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  1. What is a title?

A title is the foundation of property ownership. It is the owner's right to possess and use the property.

Why is transferring the title to real estate different from transferring title to other items, such as a car?

Because land is permanent and can have many owners over the years, various rights in land may have been acquired by others (such as mineral, air or utility rights) by the time you come into possession of it, even if the land has never before been built upon. So in order to transfer a clear title to a piece of land, it is first necessary to determine whether any rights are outstanding.

  2. What is a title search?

A title search is a detailed examination of the historical records concerning a property. These records include deeds, court records, property and name indexes, and many other documents. The purpose of the search is to verify the seller's right to transfer ownership, and to discover any claims, defects and other rights or burdens on the property.

  3. What kinds of problems can a title search reveal?

A title search can show a number of title defects and liens, as well as other encumbrances and restrictions. Among these are unpaid taxes, unsatisfied mortgages, judgments against the seller and restrictions limiting the use of the land.

  4. Are there any problems that a title search cannot reveal?

Yes. There are some "hidden hazards" that even the most diligent title search may never reveal. For instance, the previous owner could have incorrectly stated his marital status, resulting in a possible claim by his legal spouse. Other "hidden hazards" include fraud and forgery, defective deeds, mental incompetence, confusion due to similar or identical names and clerical errors in the records.

  5. What is title insurance?

Title Insurance is your policy of protection against loss if any of these problems, even a "hidden hazard" — results in a claim against your ownership.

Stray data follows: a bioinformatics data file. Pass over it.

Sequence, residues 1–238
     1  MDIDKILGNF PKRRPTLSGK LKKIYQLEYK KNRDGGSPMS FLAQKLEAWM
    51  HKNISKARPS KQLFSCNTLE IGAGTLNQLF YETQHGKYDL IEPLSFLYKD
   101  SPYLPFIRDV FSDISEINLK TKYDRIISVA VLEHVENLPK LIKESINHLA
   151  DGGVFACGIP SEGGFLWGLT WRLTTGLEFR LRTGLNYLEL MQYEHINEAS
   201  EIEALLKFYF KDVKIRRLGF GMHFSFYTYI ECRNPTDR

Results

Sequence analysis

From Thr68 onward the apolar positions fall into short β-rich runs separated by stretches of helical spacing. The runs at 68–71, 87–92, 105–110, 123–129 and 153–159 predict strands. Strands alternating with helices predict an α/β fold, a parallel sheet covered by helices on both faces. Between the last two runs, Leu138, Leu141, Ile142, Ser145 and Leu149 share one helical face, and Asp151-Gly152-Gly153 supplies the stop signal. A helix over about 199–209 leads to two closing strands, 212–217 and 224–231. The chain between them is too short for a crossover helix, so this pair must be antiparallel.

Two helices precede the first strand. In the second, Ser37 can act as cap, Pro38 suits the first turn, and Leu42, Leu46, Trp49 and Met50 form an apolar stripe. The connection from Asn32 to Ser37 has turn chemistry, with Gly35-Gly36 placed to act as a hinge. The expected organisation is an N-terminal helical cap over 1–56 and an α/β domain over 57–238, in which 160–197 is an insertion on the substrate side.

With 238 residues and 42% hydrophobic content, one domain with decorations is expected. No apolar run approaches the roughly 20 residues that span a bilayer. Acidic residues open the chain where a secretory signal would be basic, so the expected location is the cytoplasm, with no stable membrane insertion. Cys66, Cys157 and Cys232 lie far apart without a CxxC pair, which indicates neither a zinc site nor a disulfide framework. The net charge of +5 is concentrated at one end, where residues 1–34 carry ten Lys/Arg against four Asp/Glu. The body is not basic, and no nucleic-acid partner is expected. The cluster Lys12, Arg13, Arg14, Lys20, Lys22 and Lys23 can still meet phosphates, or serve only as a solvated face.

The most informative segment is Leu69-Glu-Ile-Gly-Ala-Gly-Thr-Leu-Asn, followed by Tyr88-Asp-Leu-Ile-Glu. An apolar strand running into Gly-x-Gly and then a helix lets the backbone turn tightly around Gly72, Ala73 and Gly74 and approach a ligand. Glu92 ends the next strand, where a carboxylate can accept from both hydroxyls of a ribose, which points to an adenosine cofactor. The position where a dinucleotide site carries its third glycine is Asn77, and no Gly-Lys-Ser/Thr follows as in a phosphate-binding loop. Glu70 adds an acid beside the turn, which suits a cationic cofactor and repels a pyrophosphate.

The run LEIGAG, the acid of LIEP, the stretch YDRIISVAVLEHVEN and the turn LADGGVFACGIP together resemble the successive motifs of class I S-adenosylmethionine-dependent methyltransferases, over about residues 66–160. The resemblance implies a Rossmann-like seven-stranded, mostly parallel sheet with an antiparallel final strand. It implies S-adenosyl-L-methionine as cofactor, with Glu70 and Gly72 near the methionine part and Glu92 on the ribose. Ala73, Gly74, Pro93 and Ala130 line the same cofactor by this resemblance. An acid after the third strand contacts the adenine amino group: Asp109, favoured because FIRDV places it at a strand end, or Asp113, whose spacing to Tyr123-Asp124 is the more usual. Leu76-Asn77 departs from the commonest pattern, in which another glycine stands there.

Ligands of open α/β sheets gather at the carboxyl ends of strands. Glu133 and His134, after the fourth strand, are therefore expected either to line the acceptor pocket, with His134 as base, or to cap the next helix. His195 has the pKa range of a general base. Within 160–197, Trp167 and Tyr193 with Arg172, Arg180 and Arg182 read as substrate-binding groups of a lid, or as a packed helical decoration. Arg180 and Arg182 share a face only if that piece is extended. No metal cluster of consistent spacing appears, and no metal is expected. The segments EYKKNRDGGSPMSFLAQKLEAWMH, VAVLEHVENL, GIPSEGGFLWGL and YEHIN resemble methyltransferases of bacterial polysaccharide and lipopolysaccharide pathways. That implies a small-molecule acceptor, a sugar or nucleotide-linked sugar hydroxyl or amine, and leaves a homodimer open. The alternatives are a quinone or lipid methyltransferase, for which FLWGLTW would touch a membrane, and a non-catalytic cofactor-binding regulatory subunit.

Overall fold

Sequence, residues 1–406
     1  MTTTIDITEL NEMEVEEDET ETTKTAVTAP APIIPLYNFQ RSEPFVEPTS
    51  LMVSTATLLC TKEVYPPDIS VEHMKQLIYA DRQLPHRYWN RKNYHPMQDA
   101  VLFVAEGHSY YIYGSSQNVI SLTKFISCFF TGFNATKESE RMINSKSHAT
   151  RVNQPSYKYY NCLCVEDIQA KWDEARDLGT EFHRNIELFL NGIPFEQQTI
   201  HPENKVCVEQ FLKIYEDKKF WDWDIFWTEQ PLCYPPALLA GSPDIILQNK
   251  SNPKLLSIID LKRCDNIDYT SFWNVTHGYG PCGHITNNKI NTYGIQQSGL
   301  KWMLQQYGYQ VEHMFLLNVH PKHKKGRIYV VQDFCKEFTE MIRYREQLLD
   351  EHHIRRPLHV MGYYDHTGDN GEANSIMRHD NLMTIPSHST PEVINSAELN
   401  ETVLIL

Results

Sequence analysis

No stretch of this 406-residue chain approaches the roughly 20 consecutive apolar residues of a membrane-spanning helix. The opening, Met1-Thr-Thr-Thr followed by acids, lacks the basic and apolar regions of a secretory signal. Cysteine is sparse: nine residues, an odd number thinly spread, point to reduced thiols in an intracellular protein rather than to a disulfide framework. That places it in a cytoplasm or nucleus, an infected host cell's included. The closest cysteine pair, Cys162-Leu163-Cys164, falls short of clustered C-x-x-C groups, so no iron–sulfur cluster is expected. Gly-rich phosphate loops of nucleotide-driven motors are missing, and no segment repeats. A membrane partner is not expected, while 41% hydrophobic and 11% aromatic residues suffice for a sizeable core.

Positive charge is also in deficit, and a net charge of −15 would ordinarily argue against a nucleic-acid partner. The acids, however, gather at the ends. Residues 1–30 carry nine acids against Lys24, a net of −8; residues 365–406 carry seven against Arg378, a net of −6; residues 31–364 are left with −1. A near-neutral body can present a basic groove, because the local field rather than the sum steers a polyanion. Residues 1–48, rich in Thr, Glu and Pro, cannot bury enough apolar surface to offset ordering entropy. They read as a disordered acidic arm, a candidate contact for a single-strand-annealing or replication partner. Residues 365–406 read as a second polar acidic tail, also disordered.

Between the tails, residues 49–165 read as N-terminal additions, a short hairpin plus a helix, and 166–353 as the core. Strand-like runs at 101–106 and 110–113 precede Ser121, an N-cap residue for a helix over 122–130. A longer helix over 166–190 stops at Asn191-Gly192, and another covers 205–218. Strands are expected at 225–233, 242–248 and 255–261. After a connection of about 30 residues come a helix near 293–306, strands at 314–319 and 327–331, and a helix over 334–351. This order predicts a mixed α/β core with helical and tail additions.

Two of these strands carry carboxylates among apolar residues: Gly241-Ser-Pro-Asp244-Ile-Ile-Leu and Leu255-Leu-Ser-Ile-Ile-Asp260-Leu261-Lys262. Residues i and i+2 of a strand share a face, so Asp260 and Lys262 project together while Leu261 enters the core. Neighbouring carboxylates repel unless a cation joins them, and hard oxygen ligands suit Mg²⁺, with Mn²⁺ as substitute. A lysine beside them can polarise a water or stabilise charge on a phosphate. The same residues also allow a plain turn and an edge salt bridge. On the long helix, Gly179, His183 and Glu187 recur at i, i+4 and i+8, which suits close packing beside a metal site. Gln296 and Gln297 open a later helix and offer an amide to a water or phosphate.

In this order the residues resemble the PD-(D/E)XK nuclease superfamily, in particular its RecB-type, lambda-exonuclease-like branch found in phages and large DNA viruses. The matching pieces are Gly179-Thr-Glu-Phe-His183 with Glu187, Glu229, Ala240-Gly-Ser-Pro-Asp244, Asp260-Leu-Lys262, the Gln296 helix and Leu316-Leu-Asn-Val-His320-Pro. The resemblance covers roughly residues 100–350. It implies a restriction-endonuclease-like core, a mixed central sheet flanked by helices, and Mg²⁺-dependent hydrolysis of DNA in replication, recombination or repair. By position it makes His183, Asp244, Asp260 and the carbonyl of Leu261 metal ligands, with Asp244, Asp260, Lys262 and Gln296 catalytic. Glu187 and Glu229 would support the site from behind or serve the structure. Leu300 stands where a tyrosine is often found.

6. How much could I lose if a claim is filed against my property?

That depends on the claim. In an extreme case, you could lose your entire home and property — and still be liable to pay off the balance of your mortgage. Most claims aren't that dramatic, but even the smallest claim can cost you time, money and aggravation, and you may have to pay costs for a legal defense.

  7. How does title insurance protect my investment if a claim should arise?

If a claim is made against your property, title insurance will, in accordance with the terms of your policy, assure you of a legal defense — and pay all court costs and related fees. Also, if a claim proves to be valid, you will be reimbursed for your actual loss up to the face amount of the policy.

  8. Are there different types of title insurance policies?

Yes. Basically there are two different types of policies — a loan policy and an owner's policy. The loan policy protects the lender's interest in the property. The owner's policy safeguards the buyer's investment in the property.

  9. How much does title insurance cost?

Probably a lost less that you think, and unlike other insurance premiums which must be paid annually, a title insurance premium is paid one time only.

  10. How long does my coverage last?

For as long as you or your heirs retain an interest in the property, and, in some cases, even beyond.


Intended for informational purposes only. Your title insurance policy contains terms and conditions that may limit or restrict coverage. Consult your attorney for specific advice regarding your legal rights, and consult your real estate professional when selling or purchasing a home.

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